06 outubro, 2008

Visões sobre a crise - Vanity Fair por Joseph Stiglitz



Lining up for food and water, Louisville, Kentucky, 1937; a photo by Margaret Bourke-White.

The past as prologue? Lining up for food and water, Louisville, Kentucky, 1937. By Margaret Bourke-White/Time & Life Pictures/Getty Images.

Reversal of Fortune

Describing how ideology, special-interest pressure, populist politics, and sheer incompetence have left the U.S. economy on life support, the author puts forth a clear, commonsense plan to reverse the Bush-era follies and regain America’s economic sanity.

by JOSEPH E. STIGLITZNovember 2008

When the American economy enters a downturn, you often hear the experts debating whether it is likely to be V-shaped (short and sharp) or U-shaped (longer but milder). Today, the American economy may be entering a downturn that is best described as L-shaped. It is in a very low place indeed, and likely to remain there for some time to come.

Virtually all the indicators look grim. Inflation is running at an annual rate of nearly 6 percent, its highest level in 17 years. Unemployment stands at 6 percent; there has been no net job growth in the private sector for almost a year. Housing prices have fallen faster than at any time in memory—in Florida and California, by 30 percent or more. Banks are reporting record losses, only months after their executives walked off with record bonuses as their reward. President Bush inherited a $128 billion budget surplus from Bill Clinton; this year the federal government announced the second-largest budget deficit ever reported. During the eight years of the Bush administration, the national debt has increased by more than 65 percent, to nearly $10 trillion (to which the debts of Freddie Mac and Fannie Mae should now be added, according to the Congressional Budget Office). Meanwhile, we are saddled with the cost of two wars. The price tag for the one in Iraq alone will, by my estimate, ultimately exceed $3 trillion.

Joseph E. Stiglitz

The $3 Trillion War, April 2008 (with Linda J. Bilmes)

The Economic Consequences of Mr. Bush, December 2007

This tangled knot of problems will be difficult to unravel. Standard prescriptions call for raising interest rates when confronted with inflation, just as standard prescriptions call for lowering interest rates when confronted with an economic downturn. How do you do both at the same time? Not in the way that some politicians have proposed. With gasoline prices at all-time highs, John McCain has called for a rollback of gas taxes. But that would lead to more gas consumption, raise the price of gas further, increase our dependence on foreign oil, and expand our already massive trade deficit. The expanding deficit would in turn force the U.S. to continue borrowing gargantuan sums from abroad, making us even more indebted. At the same time, the higher imports of oil and petroleum-based products would lead to a weaker dollar, fueling inflationary pressures.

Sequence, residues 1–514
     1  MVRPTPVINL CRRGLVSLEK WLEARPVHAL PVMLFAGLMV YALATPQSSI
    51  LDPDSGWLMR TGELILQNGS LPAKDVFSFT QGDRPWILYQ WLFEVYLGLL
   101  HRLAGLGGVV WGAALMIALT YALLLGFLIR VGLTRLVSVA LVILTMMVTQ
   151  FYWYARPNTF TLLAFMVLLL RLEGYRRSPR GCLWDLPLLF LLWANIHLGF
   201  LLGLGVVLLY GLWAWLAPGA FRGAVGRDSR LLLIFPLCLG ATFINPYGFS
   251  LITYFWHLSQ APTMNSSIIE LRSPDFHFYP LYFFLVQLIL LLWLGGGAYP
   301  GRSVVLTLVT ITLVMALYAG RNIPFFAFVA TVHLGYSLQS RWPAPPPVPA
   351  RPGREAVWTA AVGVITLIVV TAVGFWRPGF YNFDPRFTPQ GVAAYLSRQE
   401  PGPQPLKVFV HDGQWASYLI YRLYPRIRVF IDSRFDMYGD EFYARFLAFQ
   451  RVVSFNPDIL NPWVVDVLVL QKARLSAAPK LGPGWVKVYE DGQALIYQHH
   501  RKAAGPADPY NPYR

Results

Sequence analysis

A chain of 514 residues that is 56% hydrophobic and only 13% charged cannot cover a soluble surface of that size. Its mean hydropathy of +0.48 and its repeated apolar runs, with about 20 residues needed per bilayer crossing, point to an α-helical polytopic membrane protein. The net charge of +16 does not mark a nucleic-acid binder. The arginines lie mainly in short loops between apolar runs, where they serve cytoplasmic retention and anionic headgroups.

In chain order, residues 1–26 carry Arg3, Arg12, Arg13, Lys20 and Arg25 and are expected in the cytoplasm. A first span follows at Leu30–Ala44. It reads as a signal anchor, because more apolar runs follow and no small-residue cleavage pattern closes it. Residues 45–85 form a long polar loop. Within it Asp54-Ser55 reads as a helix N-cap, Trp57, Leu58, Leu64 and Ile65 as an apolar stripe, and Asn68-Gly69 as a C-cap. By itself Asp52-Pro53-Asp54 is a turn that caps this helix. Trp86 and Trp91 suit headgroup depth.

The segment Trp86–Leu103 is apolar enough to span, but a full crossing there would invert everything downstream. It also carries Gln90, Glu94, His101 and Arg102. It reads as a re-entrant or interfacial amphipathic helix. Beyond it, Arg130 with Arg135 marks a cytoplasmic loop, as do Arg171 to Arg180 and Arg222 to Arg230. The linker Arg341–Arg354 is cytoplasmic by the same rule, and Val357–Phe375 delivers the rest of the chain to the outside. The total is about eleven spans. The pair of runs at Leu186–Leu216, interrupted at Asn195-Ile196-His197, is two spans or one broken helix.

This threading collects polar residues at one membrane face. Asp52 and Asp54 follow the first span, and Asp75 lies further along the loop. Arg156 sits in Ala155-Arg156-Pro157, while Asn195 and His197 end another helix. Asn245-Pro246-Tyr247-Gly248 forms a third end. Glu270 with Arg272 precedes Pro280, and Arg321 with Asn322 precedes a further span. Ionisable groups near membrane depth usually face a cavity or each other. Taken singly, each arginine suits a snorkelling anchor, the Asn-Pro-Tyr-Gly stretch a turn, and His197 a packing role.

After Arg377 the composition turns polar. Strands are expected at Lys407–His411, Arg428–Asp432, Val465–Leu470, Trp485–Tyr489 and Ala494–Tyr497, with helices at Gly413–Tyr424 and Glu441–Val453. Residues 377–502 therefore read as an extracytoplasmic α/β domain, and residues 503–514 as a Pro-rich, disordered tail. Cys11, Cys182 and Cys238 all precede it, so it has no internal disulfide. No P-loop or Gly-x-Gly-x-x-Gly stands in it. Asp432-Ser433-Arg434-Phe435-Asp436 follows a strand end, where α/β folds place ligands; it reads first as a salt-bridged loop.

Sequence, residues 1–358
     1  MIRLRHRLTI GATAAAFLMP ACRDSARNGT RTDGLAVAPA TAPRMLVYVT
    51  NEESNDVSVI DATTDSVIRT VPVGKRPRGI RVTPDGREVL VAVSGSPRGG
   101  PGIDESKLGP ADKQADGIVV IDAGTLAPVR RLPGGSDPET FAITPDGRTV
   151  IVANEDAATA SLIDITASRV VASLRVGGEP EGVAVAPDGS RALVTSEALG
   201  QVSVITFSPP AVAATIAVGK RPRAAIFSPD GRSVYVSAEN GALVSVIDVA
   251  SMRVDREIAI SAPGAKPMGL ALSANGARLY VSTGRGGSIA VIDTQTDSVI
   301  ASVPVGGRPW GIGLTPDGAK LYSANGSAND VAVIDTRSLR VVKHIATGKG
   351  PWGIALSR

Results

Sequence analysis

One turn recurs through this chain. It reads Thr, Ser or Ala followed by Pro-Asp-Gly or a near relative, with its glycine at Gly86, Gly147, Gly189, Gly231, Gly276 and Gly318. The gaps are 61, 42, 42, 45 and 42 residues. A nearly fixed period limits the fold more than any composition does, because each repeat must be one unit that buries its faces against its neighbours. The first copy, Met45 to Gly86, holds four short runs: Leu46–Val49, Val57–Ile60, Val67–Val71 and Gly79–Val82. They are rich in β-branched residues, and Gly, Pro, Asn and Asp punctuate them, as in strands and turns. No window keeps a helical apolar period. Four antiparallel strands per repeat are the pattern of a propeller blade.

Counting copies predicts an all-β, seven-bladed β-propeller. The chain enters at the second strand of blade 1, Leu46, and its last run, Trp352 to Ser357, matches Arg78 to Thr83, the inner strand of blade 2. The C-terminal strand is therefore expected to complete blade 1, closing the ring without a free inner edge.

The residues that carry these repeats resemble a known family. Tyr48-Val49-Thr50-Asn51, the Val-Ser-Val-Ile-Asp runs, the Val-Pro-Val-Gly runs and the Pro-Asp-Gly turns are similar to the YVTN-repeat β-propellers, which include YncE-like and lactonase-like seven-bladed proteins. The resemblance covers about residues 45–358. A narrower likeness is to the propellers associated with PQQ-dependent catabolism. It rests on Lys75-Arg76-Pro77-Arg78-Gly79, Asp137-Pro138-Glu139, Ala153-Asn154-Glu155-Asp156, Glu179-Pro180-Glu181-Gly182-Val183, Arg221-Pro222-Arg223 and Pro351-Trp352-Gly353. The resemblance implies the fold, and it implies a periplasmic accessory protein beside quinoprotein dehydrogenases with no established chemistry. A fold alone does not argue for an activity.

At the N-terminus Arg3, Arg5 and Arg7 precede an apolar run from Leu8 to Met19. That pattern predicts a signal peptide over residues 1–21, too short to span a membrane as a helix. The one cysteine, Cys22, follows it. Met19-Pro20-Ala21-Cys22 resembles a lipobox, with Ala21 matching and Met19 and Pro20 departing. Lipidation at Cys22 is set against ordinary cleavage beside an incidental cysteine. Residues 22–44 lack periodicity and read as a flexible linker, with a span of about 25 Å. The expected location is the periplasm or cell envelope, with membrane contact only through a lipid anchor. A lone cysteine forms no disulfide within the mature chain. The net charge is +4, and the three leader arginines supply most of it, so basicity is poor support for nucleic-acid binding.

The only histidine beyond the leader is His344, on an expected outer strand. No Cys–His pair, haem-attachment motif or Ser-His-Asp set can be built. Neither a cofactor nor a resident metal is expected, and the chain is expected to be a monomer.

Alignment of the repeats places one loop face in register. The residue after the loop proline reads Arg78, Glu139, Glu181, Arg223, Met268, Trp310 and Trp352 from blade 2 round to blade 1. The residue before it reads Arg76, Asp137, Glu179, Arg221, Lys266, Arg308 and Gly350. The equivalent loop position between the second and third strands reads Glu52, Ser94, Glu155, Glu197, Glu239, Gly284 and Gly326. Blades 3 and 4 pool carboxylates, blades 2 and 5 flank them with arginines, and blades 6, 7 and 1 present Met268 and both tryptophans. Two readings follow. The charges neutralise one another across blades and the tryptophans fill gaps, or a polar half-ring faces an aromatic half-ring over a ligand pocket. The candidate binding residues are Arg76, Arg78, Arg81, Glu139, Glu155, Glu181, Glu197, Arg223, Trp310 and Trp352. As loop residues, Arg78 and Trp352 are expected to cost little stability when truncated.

Millions of Americans are losing their homes. (Already, some 3.6 million have done so since the subprime-mortgage crisis began.) This social catastrophe has severe economic effects. The banks and other financial institutions that own these mortgages face stunning reverses; a few, such as Bear Stearns, have already gone belly-up. To prevent America’s $5.2 trillion home financiers, Fannie Mae and Freddie Mac, from following suit, Congress authorized a blank check to cover their losses, but even that generosity failed to do the trick. Now the administration has taken over the two entities completely, a stunning feat for a supposedly market-oriented regime. These bailouts contribute to growing deficits in the short run, and to perverse incentives in the long run. Market economies work only when there is a system of accountability, but C.E.O.’s, investors, and creditors are walking away with billions, while American taxpayers are being asked to pick up the tab. (Freddie Mac’s chairman, Richard Syron, earned $14.5 million in 2007. Fannie Mae’s C.E.O., Daniel Mudd, earned $14.2 million that same year.) We’re looking at a new form of public-private partnership, one in which the public shoulders all the risk, and the private sector gets all the profit. While the Bush administration preaches responsibility, the words are addressed only to the less well-off. The administration talks about the impact of “moral hazard” on the poor “speculator” who borrowed money and bought a house beyond his ability to pay. But moral hazard somehow isn’t an issue when it comes to the high-stakes speculators in corporate boardrooms.